A few days ago I made my obligatory pre-surgery visit to the hairdresser. As Trent and I were chatting away about many things, including my upcoming hardships, I realised that his elegant salon has full wheelchair access. I commented on that, thinking about my little knee scooter finding its way to his scissors in a few weeks when I’m due for my next cut and colour. And Trent replied, in curmudgeonly tones, that I might as well enjoy the ramp when the time came, because it had cost him $80,000 and he couldn’t have gotten his business licence without it. I was gob-smacked. Fancy, as a small business in a small town, being forced to spend that kind of money on wheelchair access. “How many wheelchair clients have you had?” I asked. “Like, NONE,” he replied, with an extra-crisp snip of the scissors, and went on to explain how such a sum of money came to be spent.
For a moment there the air was ever-so-slightly frosty. For the first time my hairdresser and I had been landed on opposite sides of an issue. I wasn’t exactly the enemy but I’d become associated with a deeply unfair incident—an onerous and nonsensical one, really. I mean, have a think about how many other cheaper ways you could find of solving a fairly simple problem, without lumbering a small business with such a large chunk of extra debt. Trent had strong opinions about the whole issue.
Now, Trent is as generous a person as I’ve ever met. He’d spent a day the previous weekend with the rescue team searching for the little missing boy in Kendell; his hairdresser-style stories are always peppered with evidence of his good heart. We have jam in the fridge compliments of his kitchen. A couple of years ago he came 30k out to Mitchells Island to do a home cut for a client beleaguered by chemo-hair. I’m sure he’d have done the same for me in preference to spending $80,000 on wheelchair access. When his arm’s not twisted, he’s a saint. But bureaucrats in the Taree Council brought out the worst in him with an illogical insistence that he provide service to society in this particular fashion.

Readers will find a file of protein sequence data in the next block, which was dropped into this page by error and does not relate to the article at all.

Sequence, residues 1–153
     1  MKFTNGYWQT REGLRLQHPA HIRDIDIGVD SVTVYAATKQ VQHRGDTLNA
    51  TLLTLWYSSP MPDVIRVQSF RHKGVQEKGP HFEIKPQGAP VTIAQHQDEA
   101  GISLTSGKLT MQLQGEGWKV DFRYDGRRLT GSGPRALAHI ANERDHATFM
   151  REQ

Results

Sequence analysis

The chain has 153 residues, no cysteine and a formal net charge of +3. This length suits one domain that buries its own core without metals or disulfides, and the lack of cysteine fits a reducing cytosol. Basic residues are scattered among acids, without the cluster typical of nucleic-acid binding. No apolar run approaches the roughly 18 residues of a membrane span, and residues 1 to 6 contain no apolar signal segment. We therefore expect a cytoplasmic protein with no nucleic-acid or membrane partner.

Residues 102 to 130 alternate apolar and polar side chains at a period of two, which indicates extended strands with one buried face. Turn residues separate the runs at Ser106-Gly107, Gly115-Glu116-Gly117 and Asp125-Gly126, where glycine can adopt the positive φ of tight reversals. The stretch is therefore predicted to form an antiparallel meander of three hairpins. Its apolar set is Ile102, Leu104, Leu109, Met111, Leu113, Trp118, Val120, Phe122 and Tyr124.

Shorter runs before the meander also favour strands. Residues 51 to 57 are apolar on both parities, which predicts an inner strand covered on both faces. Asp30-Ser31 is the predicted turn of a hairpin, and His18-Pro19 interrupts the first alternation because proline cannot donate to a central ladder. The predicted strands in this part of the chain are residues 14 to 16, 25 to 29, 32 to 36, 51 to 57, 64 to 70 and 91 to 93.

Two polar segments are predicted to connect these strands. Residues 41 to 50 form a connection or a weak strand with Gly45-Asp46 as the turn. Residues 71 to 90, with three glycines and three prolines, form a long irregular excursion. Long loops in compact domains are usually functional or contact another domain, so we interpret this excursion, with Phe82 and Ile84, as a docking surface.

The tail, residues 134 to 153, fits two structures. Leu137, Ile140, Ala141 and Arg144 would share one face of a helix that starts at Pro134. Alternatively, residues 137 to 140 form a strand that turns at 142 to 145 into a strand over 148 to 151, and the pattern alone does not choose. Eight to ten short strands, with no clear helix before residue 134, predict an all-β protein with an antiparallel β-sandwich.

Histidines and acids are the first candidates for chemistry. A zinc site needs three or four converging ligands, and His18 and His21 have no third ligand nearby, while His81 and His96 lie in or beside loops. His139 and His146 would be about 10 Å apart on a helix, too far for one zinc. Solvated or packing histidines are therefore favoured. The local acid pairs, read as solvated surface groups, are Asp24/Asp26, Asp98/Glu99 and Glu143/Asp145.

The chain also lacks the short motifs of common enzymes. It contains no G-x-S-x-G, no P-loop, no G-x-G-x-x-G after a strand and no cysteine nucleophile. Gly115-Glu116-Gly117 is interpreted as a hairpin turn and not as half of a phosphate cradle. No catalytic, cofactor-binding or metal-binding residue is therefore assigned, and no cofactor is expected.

I sat there thinking about an article from the post-polio community that I’d read recently. The author takes a strong fighter’s stance, exhorting us to make demands and settle for nothing less than we want and need. We have rights, she emphasised, and only by demanding our dues can people in wheelchairs and motorised scooters take advantage of the same jobs, facilities and day-to-day services as ambulatory people. As Trent snipped away, I thought about how in a few weeks I might begin to reap some of the benefits of that activism myself. I am likely to be making my way around Taree on my knee-scooter—into the shopping centres, the dentist’s, the optometrist’s and the library where my writer’s group meets.
However, I have a radical view which I don’t generally speak about in polite company: I don’t believe in rights. Hairs shudder at the base of my neck when someone uses the word. I don’t believe in “shoulds” (although I likely use the word as often as anyone else). I am dismayed, for example, by the treatment of women in Afghanistan, but I don’t see it as a question of rights. In my world view, it’s a question of pain, suffering, workability, generosity, empathy and respect—addressed through education and negotiation. Having rights will not buy those women anything.
I observe that many (most?) people, like Trent, left to their own devices will happily share some of what they have and do their best to help those who need it. But when forced, people lose their generosity. Without choice in where the fruits of our labours go, we resist and don’t experience the benefits of giving. When we’re the unwitting recipients, as I am now, we don’t learn to ask, to enrol, to be thoughtful and appreciative.
Non-ambulatory as I am for a while, I can’t help feeling like I’m a bit of a second-class citizen. Obviously I’m not—but I AM reliant on the goodwill of others. However, that doesn’t give me rights. I don’t have a right for Woollies to provide me with a lift to the shopping level, or Trent to provide a haircut or Rick to get me a cuppa. It’s a nuisance having to ask Rick for so many things these days, but even 35 years of marriage doesn’t give me any rights.
It’s a complex issue which I won’t try to do justice to in this small piece, but meantime—
Thank you to all the merchants and taxpayers who have forked out for the ramps, the lifts, the flattened sidewalks and little bridges over gutters that I’ll be using in a week or two. I AM happy and grateful that they exist. I just wish you had more choice in the matter..